- Medical Records
- Stocks and Bonds
- Title to Deeds
- Vehicle Registration
Financial materials and paperwork can be damaged or destroyed as a result of a fire, flood or other disaster. There are processes for replacing stocks, bonds, cash or personal banking valuables.
1-800-622-6232 (Mon-Fri 8am-5pm)
For employment insurance, social insurance number and old age security.
1-800-567-6868 (Mon-Fri 7:30am-5pm)
Immigration, Refugees and Citizenship Canada
1-888-242-2100 (Mon-Fri 8am-4pm)
For citizenship papers.
Canada Revenue Agency
1-800-959-8281 (Mon-Fri 8:30am-4:30pm)
For income tax records.
Veteran Affairs Canada
1-866-522-2122 (Mon-Fri 8:30am-4:30pm)
For military papers.
For copies of driver’s license, vehicle registration, as well as birth, death and marriage certificates, please visit an authorized Alberta registry agent.
Canada Savings Bonds
1-800-575-5151 (Mon-Fri 7am-3pm)
For savings bonds.
Bank of Canada
1-800-303-1282 (Mon-Fri 7am-3pm)
For damaged money.
- Family members and friends
- Utility service providers (natural gas, electricity, water, phone, cable and Internet) to reconnect or turn utilities on or off
- Insurance company/agent
- Your bank/financial institution (including credit card companies)
- Landlords or building owners/supervisors, if you are renting
- Children’s school or daycare
- Canada Post to reroute your mail if you have to move out for any length of time
- Health and Welfare Canada if you receive benefits from Canada Pension Plan, Family Allowance or Old Age Security
After an emergency, it is normal to experience anxious feelings, depression, difficulty concentrating, sadness, anger, fatigue, hopelessness, irrational (unfounded) fears and nightmares. These are common responses to traumatic events.
Here are some agencies that can provide counselling and/or crisis management support.
- Provides direct link between essential health, human services, community resources and government assistance needed day-to-day and in times of crisis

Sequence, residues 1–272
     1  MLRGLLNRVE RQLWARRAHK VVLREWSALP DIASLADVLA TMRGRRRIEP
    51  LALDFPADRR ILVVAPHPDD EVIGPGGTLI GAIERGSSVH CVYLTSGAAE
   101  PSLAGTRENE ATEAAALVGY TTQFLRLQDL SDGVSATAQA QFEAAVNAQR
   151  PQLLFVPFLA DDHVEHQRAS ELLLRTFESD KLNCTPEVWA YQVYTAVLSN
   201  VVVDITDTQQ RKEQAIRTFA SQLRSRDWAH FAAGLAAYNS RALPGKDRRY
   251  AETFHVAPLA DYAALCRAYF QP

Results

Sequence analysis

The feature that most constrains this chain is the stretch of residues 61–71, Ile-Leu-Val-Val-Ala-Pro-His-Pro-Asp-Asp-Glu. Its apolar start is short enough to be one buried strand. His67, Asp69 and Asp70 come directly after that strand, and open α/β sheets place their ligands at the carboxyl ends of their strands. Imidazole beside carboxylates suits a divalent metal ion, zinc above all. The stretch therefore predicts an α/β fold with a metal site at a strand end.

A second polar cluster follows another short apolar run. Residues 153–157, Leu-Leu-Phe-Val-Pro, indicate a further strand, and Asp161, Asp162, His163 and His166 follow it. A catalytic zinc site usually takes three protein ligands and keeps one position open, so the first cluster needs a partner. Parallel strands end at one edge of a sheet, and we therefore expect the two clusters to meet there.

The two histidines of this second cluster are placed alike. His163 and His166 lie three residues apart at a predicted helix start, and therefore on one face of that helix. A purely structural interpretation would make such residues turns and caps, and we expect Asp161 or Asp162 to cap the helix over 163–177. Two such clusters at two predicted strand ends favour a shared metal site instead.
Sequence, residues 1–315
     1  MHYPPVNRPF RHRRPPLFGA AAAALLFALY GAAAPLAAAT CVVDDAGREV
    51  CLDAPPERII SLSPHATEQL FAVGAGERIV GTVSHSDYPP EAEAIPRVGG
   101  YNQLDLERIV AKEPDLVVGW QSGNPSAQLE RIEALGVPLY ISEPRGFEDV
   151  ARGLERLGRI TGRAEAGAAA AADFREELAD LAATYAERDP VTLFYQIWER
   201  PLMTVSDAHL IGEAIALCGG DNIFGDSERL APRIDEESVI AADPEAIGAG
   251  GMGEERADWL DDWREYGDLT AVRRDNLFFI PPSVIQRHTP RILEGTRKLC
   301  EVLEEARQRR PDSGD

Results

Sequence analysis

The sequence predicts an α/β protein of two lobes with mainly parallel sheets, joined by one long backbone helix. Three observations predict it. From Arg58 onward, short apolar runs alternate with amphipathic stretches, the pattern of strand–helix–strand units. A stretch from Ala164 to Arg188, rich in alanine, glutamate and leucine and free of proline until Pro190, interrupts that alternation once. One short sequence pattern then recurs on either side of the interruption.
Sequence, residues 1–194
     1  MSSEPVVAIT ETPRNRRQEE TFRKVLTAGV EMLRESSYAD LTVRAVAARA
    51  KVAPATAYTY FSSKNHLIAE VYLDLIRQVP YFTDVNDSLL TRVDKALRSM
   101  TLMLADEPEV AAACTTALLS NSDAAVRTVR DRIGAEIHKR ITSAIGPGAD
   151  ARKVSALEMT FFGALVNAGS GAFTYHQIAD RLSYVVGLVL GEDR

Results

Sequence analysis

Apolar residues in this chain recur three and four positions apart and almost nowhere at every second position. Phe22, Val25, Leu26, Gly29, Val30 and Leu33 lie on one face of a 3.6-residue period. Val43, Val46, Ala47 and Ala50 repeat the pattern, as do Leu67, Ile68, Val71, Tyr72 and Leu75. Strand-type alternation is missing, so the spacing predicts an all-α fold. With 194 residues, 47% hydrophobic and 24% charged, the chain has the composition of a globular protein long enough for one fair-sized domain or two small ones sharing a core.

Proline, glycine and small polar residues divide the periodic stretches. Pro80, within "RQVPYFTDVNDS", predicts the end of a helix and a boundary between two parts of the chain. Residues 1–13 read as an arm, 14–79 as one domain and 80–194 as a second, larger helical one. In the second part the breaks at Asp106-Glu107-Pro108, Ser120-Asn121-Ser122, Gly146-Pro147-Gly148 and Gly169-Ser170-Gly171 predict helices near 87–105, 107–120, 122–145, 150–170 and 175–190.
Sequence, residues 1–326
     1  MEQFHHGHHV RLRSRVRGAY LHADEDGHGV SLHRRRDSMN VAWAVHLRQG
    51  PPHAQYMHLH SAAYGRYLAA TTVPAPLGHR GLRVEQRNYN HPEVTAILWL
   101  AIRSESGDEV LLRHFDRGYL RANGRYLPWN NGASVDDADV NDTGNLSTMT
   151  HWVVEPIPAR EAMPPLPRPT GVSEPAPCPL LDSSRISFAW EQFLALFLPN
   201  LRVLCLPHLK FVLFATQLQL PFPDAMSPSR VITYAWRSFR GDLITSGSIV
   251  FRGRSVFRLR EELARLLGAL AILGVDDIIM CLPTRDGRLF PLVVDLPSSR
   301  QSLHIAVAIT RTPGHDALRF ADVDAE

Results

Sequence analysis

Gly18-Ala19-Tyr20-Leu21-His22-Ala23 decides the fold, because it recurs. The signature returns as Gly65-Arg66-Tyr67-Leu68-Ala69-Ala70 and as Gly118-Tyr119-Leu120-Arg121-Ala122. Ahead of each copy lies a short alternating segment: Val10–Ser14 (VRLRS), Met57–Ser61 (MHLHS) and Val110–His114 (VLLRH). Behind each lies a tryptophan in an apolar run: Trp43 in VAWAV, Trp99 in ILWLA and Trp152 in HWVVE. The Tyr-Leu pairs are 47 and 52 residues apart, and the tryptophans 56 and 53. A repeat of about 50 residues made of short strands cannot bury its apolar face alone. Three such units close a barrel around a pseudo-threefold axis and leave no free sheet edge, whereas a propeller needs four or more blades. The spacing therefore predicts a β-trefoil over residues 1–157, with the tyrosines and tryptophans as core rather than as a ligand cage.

The Crisis Support Centre (24h)
- Helps individuals cope with crises by phone, in person and online
Returning to Your Home
After the fire investigation is complete, the property is returned to the owner/owner’s representative (i.e., insurance company), unless the building inspector declares the house unsafe due to structural damage.
Once a building has been damaged by fire, it is subject to the regulations of the current building code. The property owner will work with insurance adjusters, safety inspectors and others to thoroughly assess infrastructure.
Check with the City of Edmonton’s Sustainable Development to determine if a permit is required before attempting any repairs or reconstruction. If there is a “warning” ribbon or “Under Investigation” placard still in place at your property, contact Fire Investigations (780-496-3799) immediately to ensure it is okay to enter.
Although the fire may have been small, with nothing that appears to be of danger to you, be careful.
Many common modern home items (i.e., furniture, clothing, floor coverings, etc.) are manufactured from synthetic materials. When exposed to high heat, such as a fire, these materials can give off invisible toxic gases that may be harmful to your health. Firefighters will make every effort to quickly ventilate your home, but this does not guarantee complete elimination of these gases and toxic fumes can be emitted well after a fire is extinguished.
Why does there appear to be excessive damage to your home? Ventilation is a standard firefighting technique where firefighters create openings in walls or ceiling spaces to help reduce fire damage and to ensure that fire does not go unnoticed in these spaces and cause further damage.
Often, Edmonton Fire Rescue Services will have utilities shut off or disconnected as a safety precaution or as a result of fire damage. If your gas, water or power was turned off during the fire, call the City of Edmonton Utilities and/or gas company to restore services. Damage to outside installations (on the city side of the power meter) may be repaired by the agency concerned.
Utility companies do not make repairs inside the home. It is your responsibility, or that of your insurance company, to arrange this. You may use a private contractor if you wish. Damage occurring to water, sewer, power or natural gas installations inside the dwelling must be repaired under permit and inspected by the appropriate agency before they can be turned on.
- Natural Gas - ATCO Gas (24h): 780-420-5585
- Electricity - EPCOR (24h): 780-412-4500
- Water and Sanitation - EPCOR (24h): 780-412-6800
If you have any concerns with your telephone, cable or Internet, contact your service provider.
Returning to your home after a fire is emotionally exhausting. These salvage hints will help you as clean and sort through the remaining items. Remember: If in doubt, throw it out!
You must be extremely careful when salvaging food. Once subjected to a fire, food can spoil quickly, resulting in the production of salmonella bacteria. Eating such food can result in food poisoning.